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In the Line of Fire: Non-Party Costs Orders and Group Companies

View profile for Mark Ridley
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Have you considered liability for costs?

Any person or company pursuing or defending a claim in litigation, must consider costs.  Not just their own, but also the costs of their opponent.  This is because courts can require one party to pay another’s legal costs.  The general rule is that the losing party in a case is the one who pays. 

In fact, the Court’s discretion extends to parties with no direct involvement in the case (‘a non-party’).   This might arise when a non-party decides to fund the legal costs of a party which is involved in a case.  Quite apart from any philanthropy – litigation is often a far stretch from being a charitable cause – a non-party may have a real interest in the outcome of a claim, and therefore, may want to drive the pursuit or defence of a case which might otherwise lapse without them doing so.

Non-party funding is an acceptable practice, which the law has no desire to discourage.  However, the law does consider that all parties responsible for driving litigation should be exposed to the full costs consequences of doing so.  After all, why should a party stand to benefit from litigation without bearing the inherent risks?

Funding alone will not make a non-party liable.  Indeed, there is a whole commercial sector dedicated to the funding and insuring of litigation, by businesses with an exclusive interest in making profit.  Such businesses might offer funding on purely commercial terms, that is to say with reference only to the objective merits of a given case.  The court has no desire to hold these businesses responsible for enabling litigation. 

What is the key test?

The key test is to determine whether the non-party is in fact in any sense a real party to a case, and for this exercise, the following factors will be relevant:

  1. all the ways in which the non-party stands to benefit from the litigation
  2. whether the non-party is exercising some form of control over decision-making in the litigation
  3. whether or not the funding is repayable, and repayable with interest
  4. whether funding is being made available, regardless of the objective merits of the case.

How do costs risks apply to group companies?

Non-party costs risks are relevant to group companies.  The general rule is that companies stand as individual legal entities and cannot be held liable for the debts of their fellow subsidiaries.  The court’s above discretion on costs, overrides this rule, and in the recent case of Montpelier Business Reorganisation Ltd v Armitage Jones LLP, one company was held liable for costs in a case which had been pursued, unsuccessfully, by another company within its group.  In that case, the non-party was considered to have been used as a funding vehicle to help drive the litigation and protect the real party from costs risks.  Borrowing a phrase from Fisher J in the New Zealand case of, Arklow Investments Ltd v MacLean, the court said it would be wrong “to allow someone to fund litigation in the hope of gaining a benefit, without the corresponding risk that that person will share in the costs of the proceedings if they ultimately fail.”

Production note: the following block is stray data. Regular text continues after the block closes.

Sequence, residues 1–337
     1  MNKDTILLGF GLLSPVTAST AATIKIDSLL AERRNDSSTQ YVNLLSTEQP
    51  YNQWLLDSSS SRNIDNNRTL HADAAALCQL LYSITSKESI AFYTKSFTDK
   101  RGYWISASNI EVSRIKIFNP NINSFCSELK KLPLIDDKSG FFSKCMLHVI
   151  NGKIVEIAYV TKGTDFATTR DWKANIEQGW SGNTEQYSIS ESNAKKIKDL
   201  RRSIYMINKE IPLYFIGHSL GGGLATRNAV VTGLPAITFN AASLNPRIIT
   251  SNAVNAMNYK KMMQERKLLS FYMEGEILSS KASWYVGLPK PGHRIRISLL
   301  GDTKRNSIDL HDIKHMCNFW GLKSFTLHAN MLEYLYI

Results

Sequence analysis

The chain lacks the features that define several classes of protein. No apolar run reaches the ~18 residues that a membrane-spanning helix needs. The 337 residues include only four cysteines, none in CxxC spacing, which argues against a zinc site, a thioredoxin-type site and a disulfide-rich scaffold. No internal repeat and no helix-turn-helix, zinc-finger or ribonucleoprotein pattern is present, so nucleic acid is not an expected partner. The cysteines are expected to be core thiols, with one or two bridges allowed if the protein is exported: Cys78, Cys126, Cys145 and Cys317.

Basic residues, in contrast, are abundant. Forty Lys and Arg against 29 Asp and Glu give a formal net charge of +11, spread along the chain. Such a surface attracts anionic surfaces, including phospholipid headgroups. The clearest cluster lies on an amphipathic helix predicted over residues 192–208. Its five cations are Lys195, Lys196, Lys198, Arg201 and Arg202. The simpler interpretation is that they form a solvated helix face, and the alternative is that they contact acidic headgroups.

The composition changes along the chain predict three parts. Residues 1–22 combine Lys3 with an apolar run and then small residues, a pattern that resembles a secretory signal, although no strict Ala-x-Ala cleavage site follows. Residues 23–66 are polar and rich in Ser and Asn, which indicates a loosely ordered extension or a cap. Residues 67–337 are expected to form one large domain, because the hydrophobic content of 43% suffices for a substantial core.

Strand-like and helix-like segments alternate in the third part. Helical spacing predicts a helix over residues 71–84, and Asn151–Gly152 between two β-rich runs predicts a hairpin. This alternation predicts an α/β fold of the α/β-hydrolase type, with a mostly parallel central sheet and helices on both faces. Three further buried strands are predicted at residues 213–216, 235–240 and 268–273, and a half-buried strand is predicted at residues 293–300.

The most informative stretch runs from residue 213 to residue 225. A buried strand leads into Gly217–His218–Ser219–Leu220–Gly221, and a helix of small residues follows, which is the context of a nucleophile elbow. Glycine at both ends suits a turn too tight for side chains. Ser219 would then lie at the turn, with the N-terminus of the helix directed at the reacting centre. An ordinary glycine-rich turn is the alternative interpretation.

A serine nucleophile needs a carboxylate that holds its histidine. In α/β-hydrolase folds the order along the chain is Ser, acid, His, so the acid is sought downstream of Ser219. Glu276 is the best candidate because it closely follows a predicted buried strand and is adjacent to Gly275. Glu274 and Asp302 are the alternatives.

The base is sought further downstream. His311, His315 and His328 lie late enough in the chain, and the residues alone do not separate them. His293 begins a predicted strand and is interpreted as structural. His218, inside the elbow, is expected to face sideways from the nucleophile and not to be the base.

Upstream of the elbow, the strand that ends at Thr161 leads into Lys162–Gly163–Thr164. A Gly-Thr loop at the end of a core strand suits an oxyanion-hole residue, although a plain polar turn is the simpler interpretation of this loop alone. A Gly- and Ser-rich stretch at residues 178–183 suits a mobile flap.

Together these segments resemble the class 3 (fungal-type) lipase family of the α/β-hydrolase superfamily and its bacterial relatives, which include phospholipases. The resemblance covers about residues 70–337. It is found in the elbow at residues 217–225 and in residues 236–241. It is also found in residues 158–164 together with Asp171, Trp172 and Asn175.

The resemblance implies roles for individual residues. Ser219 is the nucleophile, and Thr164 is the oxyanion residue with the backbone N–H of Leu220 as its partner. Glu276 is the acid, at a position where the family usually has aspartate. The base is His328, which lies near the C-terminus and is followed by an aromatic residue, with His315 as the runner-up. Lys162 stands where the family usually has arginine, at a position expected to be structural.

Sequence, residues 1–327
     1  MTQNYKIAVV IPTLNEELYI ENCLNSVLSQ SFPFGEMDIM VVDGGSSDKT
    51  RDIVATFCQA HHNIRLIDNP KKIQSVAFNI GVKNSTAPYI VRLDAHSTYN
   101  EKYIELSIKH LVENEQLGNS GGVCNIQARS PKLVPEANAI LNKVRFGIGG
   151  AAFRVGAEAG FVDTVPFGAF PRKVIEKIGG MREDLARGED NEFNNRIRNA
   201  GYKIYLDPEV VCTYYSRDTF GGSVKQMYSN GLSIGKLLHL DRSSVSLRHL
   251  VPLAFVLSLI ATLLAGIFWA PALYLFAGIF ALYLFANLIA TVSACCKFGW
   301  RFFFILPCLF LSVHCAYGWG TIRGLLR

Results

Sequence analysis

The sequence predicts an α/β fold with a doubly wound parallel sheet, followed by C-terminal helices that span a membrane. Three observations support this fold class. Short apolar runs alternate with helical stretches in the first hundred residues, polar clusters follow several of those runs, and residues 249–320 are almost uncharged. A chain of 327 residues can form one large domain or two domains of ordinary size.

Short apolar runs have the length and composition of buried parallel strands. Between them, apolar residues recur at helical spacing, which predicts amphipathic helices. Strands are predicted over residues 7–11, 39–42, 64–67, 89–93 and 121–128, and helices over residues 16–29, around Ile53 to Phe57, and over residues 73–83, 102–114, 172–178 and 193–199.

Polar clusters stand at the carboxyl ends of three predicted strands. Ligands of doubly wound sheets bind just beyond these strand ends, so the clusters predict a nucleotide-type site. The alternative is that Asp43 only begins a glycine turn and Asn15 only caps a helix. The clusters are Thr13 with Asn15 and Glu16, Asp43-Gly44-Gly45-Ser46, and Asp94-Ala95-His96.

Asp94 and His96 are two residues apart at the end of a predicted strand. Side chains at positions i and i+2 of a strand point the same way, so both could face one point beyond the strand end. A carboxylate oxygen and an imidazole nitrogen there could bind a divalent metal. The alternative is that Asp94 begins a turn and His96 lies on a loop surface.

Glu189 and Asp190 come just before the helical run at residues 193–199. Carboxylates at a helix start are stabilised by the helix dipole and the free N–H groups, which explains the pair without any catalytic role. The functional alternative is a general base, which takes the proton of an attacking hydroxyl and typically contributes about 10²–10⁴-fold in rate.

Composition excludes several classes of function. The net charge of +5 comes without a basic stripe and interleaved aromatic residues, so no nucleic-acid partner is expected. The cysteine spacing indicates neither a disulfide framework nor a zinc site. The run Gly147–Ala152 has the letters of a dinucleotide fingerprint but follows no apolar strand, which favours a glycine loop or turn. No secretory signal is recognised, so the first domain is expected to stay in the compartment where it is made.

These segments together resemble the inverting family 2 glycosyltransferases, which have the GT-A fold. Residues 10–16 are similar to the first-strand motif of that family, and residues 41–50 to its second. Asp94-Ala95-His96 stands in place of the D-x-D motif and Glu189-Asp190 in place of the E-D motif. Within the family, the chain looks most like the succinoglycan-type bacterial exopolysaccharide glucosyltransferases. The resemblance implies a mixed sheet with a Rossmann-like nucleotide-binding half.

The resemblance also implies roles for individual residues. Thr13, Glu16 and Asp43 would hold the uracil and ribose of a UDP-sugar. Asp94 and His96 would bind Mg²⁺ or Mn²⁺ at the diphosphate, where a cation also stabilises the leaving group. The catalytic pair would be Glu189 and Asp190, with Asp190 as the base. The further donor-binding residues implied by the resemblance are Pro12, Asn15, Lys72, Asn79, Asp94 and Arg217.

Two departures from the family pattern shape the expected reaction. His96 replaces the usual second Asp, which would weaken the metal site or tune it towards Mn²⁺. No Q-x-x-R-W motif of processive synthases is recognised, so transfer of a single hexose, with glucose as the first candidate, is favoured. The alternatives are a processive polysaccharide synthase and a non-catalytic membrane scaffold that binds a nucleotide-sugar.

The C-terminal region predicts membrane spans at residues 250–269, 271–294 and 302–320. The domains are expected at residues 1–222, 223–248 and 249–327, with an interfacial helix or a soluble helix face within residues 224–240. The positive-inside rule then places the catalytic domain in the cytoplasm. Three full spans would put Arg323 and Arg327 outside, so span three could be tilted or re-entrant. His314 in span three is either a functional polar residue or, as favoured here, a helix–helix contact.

Funding the costs of litigation might be considered a necessary and sensible business decision; however, it is also a precarious practice:  being removed from the proceedings is no shield to the risks of costs liability.  Companies within a group may appear to stand separately form one another, but the court will recognise any common controlling features and objectives, and use non-party costs orders to bridge this separation.

How can we help?

If you are concerned about the risks of non-party costs orders, please contact Mark Ridley in BakerLaw’s Commercial Dispute Resolution Department at mark.ridley@baker-law.co.uk or call 01252 730753.

 

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